The nozzle member 12 may be made from a variety of materials so long as they are chemically resistant to the liquid being pumped, and are capable of withstanding the operating pressures of the system. In a preferred embodiment, the nozzle member 12 is made of stainless steel.
A series of mathematical formulas are used to determine the number and placement of the perforations 31 in the nozzle member 12 as configured for use in the horizontal surge tank 10. In an example embodiment, the following mathematical formulas are used to determine the number and placement of perforations in a 500 gallon horizontal surge tank having an 8-inch diameter inlet/outlet port, and having an operating pressure of approximately 275 psi.
Horizontal Surge Tank Nozzle System Mathematical Formulas
Number of holes in nozzle member located above the inlet/outlet port=333
Approximate hole diameter=0.375 in.
Surface area of holes located above the inlet/outlet port=333×π/4(0.375)2=36.8 in.2
Number of holes around the inlet/outlet port=98
Approximate hole diameter=0.375 in.
Surface area of holes around the inlet/outlet port=98×ρ/4(0.375)2=10.8 in.2
Total opening area through surge tank=36.8+10.8=47.6 in.2
Percentage of openings above the inlet/outlet port=36.8/47.6×100=77%
Inlet/outlet port area (8 in. Sch 80 pipe)=45.7 in.2.
The total surface area of the nozzle member perforations 31 for this example application is approximately 47.6 square inches, and the total area of the tank's fluid inlet/outlet port 15 is approximately 45.7 square inches.
In this example embodiment, the vertical bladder surge tank 40 is a pressure vessel having a bladder 41 which rests between an interior wall 42 of the tank and the inventive nozzle system 50. Thus, unlike the nozzle system configured for use in a horizontal surge tank (where the nozzle system is disposed outside of the bladder, between a portion of the tank interior wall and the bladder), the nozzle system as adapted for use in this vertical surge tank is actually disposed within the bladder itself.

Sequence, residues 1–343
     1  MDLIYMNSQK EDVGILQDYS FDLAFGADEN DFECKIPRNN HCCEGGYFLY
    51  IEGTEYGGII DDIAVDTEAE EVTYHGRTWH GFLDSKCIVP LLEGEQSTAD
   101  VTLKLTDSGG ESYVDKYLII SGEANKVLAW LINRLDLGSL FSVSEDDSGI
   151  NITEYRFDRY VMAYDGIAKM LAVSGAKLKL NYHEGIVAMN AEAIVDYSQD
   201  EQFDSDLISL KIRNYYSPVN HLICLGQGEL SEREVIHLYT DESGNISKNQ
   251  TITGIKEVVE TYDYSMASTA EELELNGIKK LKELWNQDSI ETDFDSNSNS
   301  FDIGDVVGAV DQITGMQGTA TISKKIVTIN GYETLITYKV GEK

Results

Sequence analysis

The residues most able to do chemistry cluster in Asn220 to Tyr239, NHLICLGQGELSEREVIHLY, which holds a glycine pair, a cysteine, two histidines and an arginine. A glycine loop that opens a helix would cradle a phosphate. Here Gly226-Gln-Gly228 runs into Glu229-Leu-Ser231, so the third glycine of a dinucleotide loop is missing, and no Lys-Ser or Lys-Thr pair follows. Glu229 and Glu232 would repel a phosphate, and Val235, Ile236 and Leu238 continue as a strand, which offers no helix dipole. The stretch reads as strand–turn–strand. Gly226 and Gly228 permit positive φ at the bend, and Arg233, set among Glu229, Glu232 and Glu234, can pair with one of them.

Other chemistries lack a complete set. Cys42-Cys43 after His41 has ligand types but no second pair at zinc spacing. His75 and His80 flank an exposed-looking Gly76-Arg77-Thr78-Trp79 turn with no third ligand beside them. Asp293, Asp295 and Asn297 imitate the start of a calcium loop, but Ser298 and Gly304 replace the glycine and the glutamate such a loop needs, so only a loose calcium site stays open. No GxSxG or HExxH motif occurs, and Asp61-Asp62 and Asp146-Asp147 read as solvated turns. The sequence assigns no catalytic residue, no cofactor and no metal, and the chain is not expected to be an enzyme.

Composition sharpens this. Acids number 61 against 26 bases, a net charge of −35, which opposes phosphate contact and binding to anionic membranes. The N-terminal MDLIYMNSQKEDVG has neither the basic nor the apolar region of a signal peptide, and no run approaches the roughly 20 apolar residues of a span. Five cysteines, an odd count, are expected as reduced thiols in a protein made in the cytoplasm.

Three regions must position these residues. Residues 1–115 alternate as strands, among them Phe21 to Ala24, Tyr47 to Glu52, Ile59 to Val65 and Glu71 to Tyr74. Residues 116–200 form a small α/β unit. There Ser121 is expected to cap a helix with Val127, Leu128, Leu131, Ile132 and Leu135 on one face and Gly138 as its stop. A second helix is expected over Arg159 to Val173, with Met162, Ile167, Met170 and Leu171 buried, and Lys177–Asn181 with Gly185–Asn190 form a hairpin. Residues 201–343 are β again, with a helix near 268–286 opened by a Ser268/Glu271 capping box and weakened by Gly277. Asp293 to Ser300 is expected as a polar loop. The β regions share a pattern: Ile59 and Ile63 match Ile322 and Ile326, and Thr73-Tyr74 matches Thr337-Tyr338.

The nozzle system 50 for this vertically oriented surge tank application includes a nozzle member 51 that is provided as an integral part of the inlet/outlet port 43. Specifically, the nozzle member 51 is positioned adjacent a terminal end of the inlet/outlet port 43. The nozzle member 51 is positioned vertically above the inlet/outlet port 43 such that any fluid entering or exiting the tank through the port 43 must also pass through nozzle system nozzle member 51.
The vertical bladder surge tank 40 is supported by four legs 44, only two of which are shown. The vertical bladder surge tank 40 is also configured with lift tabs 45 that may be used to facilitate ease of placement. The vertical bladder surge tank 40 is also designed to include a pressure gauge 46, a gas valve 47, and a rupture disk 48, or other components as may be required.
The inlet/outlet port 43 is disposed through an opening at the base of the tank, and the nozzle system 50 is positioned within the tank interior chamber, and within the bladder itself. The bladder includes a flange-type attachment that is secured to the tank body by conventional means concentrically around the inlet/outlet port 53.
Vertical bladder surge tanks 40 can vary in size from about 250 gallons to more than 5000 gallons, and may be made from a variety of materials, so long as the material has sufficient strength to support the load and operating pressures and is chemically resistant to the fluid being pumped. In a preferred embodiment, the material of construction is epoxy-coated carbon steel or stainless steel.